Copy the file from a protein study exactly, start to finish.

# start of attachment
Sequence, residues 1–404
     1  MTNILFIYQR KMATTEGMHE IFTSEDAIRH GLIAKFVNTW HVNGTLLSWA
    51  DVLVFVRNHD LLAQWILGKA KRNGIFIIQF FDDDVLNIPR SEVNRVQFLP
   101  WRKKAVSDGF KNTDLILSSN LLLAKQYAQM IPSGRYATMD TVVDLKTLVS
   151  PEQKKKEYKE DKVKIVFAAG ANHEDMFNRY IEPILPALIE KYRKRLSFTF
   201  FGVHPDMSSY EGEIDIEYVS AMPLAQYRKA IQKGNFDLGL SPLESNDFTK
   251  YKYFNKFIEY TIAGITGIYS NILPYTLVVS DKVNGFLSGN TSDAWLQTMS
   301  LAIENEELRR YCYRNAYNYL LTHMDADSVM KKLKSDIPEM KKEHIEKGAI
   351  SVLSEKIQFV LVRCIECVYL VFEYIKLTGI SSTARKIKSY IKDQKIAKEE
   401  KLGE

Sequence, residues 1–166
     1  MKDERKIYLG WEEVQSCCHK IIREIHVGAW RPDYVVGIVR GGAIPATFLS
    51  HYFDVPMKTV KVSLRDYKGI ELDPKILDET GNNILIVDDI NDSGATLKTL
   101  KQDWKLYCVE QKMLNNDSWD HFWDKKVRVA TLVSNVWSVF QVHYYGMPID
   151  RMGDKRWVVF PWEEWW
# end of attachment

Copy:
Sequence, residues 1–404
     1  MTNILFIYQR KMATTEGMHE IFTSEDAIRH GLIAKFVNTW HVNGTLLSWA
    51  DVLVFVRNHD LLAQWILGKA KRNGIFIIQF FDDDVLNIPR SEVNRVQFLP
   101  WRKKAVSDGF KNTDLILSSN LLLAKQYAQM IPSGRYATMD TVVDLKTLVS
   151  PEQKKKEYKE DKVKIVFAAG ANHEDMFNRY IEPILPALIE KYRKRLSFTF
   201  FGVHPDMSSY EGEIDIEYVS AMPLAQYRKA IQKGNFDLGL SPLESNDFTK
   251  YKYFNKFIEY TIAGITGIYS NILPYTLVVS DKVNGFLSGN TSDAWLQTMS
   301  LAIENEELRR YCYRNAYNYL LTHMDADSVM KKLKSDIPEM KKEHIEKGAI
   351  SVLSEKIQFV LVRCIECVYL VFEYIKLTGI SSTARKIKSY IKDQKIAKEE
   401  KLGE

Sequence, residues 1–166
     1  MKDERKIYLG WEEVQSCCHK IIREIHVGAW RPDYVVGIVR GGAIPATFLS
    51  HYFDVPMKTV KVSLRDYKGI ELDPKILDET GNNILIVDDI NDSGATLKTL
   101  KQDWKLYCVE QKMLNNDSWD HFWDKKVRVA TLVSNVWSVF QVHYYGMPID
   151  RMGDKRWVVF PWEEWW